The texts collected in this volume take an anthropological approach to the variety of contemporary societal problems which confront the peoples of the contemporary South Pacific: religious revival, the sociology of relations between local groups, regions and nation-States, the problem of culture areas, the place of democracy in the transition of States founded on sacred chiefdoms, the role of ceremonial exchanges in a market economy, and so forth.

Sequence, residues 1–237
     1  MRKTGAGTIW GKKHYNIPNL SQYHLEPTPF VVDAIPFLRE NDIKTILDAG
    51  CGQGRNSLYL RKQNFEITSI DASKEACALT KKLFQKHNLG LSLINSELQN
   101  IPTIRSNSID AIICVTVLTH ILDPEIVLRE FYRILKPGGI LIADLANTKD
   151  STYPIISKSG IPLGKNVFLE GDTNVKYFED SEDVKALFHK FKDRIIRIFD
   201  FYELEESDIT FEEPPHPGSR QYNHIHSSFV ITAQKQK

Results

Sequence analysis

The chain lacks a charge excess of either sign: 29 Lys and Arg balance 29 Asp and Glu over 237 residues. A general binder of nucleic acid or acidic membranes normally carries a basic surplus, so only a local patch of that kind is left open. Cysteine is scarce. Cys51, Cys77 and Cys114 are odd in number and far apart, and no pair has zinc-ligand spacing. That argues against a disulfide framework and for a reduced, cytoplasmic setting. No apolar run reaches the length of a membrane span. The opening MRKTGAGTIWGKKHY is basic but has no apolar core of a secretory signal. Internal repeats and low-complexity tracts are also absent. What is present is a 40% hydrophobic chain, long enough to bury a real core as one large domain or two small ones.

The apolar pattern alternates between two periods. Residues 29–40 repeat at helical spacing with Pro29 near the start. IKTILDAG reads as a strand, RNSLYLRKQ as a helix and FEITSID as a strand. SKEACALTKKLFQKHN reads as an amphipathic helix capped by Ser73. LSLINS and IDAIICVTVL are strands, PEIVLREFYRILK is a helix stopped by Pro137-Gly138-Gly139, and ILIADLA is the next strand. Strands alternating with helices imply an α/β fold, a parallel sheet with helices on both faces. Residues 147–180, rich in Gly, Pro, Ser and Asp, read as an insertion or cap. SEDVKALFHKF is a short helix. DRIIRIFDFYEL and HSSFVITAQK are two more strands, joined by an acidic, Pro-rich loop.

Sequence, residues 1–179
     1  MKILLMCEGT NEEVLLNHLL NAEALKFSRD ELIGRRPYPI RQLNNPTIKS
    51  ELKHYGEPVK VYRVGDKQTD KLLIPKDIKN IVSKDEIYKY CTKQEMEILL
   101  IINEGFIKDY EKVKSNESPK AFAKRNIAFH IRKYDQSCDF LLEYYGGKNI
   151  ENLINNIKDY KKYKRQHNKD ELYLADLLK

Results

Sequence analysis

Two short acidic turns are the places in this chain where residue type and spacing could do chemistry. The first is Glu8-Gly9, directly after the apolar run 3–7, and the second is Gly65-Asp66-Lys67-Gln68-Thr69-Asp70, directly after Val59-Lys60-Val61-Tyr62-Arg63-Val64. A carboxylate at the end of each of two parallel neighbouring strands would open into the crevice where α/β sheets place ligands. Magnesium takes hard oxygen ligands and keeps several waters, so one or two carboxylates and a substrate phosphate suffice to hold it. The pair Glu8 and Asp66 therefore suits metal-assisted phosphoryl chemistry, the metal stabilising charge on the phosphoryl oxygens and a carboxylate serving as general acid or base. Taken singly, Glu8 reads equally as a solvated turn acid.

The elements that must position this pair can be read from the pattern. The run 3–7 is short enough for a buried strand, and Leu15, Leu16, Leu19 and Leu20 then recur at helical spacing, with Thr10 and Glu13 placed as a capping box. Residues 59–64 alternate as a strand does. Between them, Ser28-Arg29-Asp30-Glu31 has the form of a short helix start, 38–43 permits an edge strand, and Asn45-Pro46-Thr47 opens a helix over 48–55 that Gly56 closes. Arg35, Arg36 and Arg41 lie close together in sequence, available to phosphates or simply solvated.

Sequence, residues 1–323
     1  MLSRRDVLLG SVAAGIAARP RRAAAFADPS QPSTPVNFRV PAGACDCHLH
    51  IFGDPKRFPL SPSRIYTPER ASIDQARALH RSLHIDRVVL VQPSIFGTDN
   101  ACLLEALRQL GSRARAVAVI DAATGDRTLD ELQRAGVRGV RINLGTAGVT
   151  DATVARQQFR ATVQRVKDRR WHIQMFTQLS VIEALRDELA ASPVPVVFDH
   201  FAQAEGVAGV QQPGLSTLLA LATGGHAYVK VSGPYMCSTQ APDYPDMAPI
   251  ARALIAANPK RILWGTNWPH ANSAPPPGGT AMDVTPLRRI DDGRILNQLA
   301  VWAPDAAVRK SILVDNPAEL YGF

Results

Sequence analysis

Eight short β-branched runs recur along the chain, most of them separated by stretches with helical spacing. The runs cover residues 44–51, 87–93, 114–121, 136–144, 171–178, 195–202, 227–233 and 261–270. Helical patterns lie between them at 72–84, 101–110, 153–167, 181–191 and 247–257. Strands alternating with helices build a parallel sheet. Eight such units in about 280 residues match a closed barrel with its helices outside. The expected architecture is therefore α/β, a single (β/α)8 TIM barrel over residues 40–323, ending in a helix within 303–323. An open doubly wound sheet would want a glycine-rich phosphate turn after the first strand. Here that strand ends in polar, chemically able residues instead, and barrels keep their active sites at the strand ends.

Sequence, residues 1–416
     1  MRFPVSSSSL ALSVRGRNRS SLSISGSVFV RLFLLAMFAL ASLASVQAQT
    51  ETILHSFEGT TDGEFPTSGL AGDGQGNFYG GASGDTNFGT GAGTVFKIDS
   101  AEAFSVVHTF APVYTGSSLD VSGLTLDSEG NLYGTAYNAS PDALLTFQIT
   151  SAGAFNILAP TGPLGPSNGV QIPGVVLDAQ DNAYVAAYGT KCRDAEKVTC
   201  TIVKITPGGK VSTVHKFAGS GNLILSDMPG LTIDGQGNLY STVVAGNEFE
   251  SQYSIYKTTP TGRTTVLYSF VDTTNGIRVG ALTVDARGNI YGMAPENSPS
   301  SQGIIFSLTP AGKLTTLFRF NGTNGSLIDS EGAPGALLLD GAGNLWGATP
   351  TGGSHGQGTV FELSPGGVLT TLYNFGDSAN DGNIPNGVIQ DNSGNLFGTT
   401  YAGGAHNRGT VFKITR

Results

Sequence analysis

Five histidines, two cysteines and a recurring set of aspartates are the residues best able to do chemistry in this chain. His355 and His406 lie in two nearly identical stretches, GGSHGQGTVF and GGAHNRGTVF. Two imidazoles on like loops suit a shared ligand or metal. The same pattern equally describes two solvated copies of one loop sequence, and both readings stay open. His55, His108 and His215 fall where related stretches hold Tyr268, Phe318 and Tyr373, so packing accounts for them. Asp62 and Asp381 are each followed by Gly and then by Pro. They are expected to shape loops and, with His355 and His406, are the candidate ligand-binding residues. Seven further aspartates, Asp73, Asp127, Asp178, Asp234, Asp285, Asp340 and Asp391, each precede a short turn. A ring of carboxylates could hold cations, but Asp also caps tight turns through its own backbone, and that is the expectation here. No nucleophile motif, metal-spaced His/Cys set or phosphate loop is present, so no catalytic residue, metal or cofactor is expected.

Each chapter presents a society seen from a specific point of view, but always with reference to the issue of collective identity and its confrontation with history and change. The collection thus invites the reader to understand how the inhabitants of these societies seek to affirm both an individual identity and a sense of belonging to the contemporary world. In doing so, it informs the reader about the contemporary realities experienced by the inhabitants of the South Pacific, with a view to contributing to an intercultural dialogue between the reader and these inhabitants.
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